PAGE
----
If I ever have a band, I'm naming it The Kowa Six. Even if it's just me.
Anyway, I've been wanting some kind of nice 120 camera...a "real" camera. No real hurry, just waited for something to jump out at me and say "must have"! I'm not really interested in super high-end stuff like Hasselblads, though they are certainly nice cameras and you can do some awesome work with them. It's just way above me, I think. Too hi-falootin'. But I still wanted something decent. My Great Wall is an alright camera, very cool, of course...but it's still in the realm of funky. So I found the Kowa Six. The price range was acceptable, I like what I've seen from it, and it fulfills my "really cool looking camera" requirements. Picked up a nice one on eBay, complete with a grip.
The Kowa Six was introduced in 1968, and I think it was out of production by 1975 or or so. There are two successors, the Kowa 6MM and the Kowa 66. The 6MM added the ability to do multiple exposures and a mirror lockup, and the 66 had a removable back. I liked the look of the original, and that was a good enough reason for me to get the Six. Sweet looking camera, for sure. The grip was an accessory, and a welcome attachment for my camera.
The camera is not light. I'd estimate it weighs at least 8 pounds with the grip. It's very solid and just...heavy. But look at the size of that lens! For comparison, here is my Great Wall next to the Kowa.
Obviously similar in concept, if not in style. SLRs, with the mirror acting as the shutter. The Great Wall was good practice for using my Kowa Six. It felt very comfortable. And the grip has a shutter release as well, which makes it easier to handle and stabilize while shooting.
It came with the original strap and lens cap, as well.
On this side you can see the film advance winder and the counter/film set. I've been told that using the crank can strip the advance gear, so I don't use it. The knob is plenty big...easy to turn.
When you advance the winder, it cocks the shutter as the film locks into the next frame. Then you just fire the shutter and advance again. It doesn't allow for multiple exposures, as the film must advance to the next frame to cock the shutter.
Another nice feature is the ability to use 220 as well as 120.
Because of this, it doesn't have a counter window...it has a film counter like a 35mm camera. It is important to pay attention to your 120/220 setting, as you could end up with a counter continuing or stopping late or early. And just to show you that I mostly don't ever know what I'm doing, I screwed up two rolls of film. Well, not the entire rolls, just the first couple shots on each roll. Without a window, you have to have the film advanced to a certain point, or you will be shooting on paper for a couple shots. So one time, yeah, I could see screwing this up. But even after I read the instructions, I screwed up the second roll. You have to advance the film to the arrow on the paper before you close the back.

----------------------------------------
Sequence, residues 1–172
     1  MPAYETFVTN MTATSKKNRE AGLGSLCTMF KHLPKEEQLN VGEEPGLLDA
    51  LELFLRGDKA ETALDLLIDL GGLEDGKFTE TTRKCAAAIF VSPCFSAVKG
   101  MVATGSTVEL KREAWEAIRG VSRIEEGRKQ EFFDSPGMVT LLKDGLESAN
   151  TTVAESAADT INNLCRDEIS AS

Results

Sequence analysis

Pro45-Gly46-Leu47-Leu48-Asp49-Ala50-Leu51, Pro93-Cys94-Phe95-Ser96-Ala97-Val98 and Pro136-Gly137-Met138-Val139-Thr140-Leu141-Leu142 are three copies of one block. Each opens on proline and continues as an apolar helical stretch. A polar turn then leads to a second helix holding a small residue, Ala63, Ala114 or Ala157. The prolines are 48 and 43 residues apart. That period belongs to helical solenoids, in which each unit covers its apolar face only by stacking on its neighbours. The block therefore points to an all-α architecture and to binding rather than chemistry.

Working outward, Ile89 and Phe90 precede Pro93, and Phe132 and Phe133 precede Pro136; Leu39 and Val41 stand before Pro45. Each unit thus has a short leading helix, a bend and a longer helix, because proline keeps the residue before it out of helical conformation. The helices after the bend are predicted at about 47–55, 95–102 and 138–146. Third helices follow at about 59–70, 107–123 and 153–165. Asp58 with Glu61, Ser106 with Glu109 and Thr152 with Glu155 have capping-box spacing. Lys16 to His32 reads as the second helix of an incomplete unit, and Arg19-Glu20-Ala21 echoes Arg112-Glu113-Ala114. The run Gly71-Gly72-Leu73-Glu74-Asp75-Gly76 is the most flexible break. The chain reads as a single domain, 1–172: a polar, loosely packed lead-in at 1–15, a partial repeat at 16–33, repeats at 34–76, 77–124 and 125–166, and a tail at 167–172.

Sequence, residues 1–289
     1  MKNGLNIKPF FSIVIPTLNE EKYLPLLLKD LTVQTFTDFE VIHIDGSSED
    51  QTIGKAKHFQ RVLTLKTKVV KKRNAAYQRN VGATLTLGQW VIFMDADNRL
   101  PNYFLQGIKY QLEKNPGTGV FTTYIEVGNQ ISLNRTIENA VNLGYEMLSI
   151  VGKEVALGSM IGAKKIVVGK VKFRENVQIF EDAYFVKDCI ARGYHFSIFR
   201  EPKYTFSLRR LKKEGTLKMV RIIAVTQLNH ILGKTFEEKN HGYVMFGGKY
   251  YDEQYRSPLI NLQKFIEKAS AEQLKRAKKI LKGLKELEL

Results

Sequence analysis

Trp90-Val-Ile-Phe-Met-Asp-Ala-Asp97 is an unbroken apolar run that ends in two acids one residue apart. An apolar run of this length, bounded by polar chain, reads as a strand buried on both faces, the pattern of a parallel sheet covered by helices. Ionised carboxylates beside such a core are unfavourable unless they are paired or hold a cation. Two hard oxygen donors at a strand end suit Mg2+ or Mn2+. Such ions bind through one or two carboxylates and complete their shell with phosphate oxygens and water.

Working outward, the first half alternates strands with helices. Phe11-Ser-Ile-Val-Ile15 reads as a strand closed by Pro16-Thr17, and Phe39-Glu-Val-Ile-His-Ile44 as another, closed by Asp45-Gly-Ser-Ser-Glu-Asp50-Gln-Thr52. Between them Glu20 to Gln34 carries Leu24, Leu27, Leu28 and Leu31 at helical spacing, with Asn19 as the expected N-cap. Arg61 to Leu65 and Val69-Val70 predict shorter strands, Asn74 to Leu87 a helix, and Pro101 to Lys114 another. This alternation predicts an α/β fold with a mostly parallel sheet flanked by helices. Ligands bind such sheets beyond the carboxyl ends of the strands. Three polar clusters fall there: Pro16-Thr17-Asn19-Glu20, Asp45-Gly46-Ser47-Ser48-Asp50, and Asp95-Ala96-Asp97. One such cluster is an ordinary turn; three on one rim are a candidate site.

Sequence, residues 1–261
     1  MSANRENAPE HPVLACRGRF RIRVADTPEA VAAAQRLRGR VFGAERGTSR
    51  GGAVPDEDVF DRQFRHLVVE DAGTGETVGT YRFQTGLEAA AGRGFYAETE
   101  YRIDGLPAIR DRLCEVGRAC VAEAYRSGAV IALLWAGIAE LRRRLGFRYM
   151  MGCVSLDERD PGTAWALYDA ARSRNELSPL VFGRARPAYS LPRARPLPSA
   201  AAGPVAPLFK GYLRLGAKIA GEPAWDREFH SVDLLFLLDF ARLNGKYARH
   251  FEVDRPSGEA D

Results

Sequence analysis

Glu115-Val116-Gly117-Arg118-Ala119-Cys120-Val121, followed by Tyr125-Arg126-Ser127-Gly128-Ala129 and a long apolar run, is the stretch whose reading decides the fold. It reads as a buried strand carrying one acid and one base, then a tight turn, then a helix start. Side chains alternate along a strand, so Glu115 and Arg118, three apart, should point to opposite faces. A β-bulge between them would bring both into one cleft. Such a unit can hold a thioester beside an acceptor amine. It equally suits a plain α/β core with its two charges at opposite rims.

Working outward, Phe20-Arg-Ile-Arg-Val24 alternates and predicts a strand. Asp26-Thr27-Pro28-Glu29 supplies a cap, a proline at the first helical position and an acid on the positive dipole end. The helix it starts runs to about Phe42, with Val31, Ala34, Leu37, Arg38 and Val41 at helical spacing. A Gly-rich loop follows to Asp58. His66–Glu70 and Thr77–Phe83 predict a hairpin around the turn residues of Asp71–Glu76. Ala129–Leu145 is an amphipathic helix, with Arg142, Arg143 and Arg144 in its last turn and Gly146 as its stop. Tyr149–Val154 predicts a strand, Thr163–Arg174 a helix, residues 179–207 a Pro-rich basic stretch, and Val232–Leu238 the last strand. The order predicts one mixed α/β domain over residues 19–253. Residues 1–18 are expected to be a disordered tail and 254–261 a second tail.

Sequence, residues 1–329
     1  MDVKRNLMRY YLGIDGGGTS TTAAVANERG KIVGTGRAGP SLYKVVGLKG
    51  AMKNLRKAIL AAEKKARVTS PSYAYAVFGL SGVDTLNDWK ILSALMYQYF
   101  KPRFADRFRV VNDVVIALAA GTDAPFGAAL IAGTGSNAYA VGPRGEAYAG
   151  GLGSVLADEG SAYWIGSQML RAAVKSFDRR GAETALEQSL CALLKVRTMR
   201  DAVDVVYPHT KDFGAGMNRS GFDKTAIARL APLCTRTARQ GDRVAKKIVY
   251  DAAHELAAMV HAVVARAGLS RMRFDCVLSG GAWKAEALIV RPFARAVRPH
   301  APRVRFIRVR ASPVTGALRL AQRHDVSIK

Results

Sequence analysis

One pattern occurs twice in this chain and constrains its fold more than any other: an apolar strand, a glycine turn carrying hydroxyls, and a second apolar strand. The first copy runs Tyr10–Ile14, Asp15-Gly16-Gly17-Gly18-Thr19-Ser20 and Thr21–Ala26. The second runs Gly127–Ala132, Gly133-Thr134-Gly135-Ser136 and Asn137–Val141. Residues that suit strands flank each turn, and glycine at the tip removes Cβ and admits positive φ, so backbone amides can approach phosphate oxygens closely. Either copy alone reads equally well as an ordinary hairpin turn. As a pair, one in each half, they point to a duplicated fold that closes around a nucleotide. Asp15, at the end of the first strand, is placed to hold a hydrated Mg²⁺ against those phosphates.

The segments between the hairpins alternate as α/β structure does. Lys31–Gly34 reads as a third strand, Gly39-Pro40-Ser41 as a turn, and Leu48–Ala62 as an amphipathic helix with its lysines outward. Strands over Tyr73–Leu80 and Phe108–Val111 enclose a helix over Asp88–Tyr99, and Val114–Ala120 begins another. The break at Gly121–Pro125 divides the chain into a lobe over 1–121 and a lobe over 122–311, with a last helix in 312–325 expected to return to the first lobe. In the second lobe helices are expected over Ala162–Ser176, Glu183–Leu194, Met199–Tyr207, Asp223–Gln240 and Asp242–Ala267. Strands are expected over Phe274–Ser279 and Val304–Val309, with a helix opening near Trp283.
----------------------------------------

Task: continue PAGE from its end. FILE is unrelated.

So the second time I managed to just advance it to the dotted line. There was one shot I was really looking forward to, and it was the first shot on the roll, of course, so it does not exist. It was a ghost shot. Oh well.
Opens from the bottom...
Let's check out that lens.
The shutter has to be cocked to remove the lens.
It has flash sync and a self-timer. No bulb setting, though.
Focus from 2.5 feet to infinity, with apertures of 2.8 to 22.
The viewfinder flipped up...
And looking down through it. Nice and sharp. I've read that it shows about 96% of what will appear on film, while the 66 shows more like 98%. Has a flip down magnifier for fine focusing, as well.
And a shot of me holding it. Again, the grip is a lifesaver. Much easier to handle. My arms are not quite that gorilla in real life.
So, the final question...how does it shoot? I wasn't sure what to expect. I mean, I knew it would expose the film, but I figured it would just be 'okay'. I took it to Palm Springs and Salton Sea last week and shot a roll of Fuji Acros 120 black and white, and a roll of Kodak Ektachrome 64 220, expired in 1985. After developing the Fuji, color me impressed (in black and white).
Super sharp! And then the roll of Ektachrome, self-developed in a Unicolor C-41 home developing kit. This cross-processes the film. Again, sweet results. Some are very blown out as I opened the aperture up, but I like the effect.
Not sure where the leak is coming from in the color shots. Will have to investigate further. But it really is a great camera, easy to use with nice results! A keeper, for sure! You can grab a pdf of the instructions here.
Who's this popping up to say hello?
Why, it's our new friend, Blackbird, Fly! I'll be taking this one out on the weekend, with a review to follow. Just because it's so cool, these aren't all that difficult to find outside of Japan. They are already appearing at some museum stores and online for about $120. More to come on that, though.
And my homemade panoramic camera was a success. I developed a roll of black and white, and have almost finished a color roll...more on that later, as well.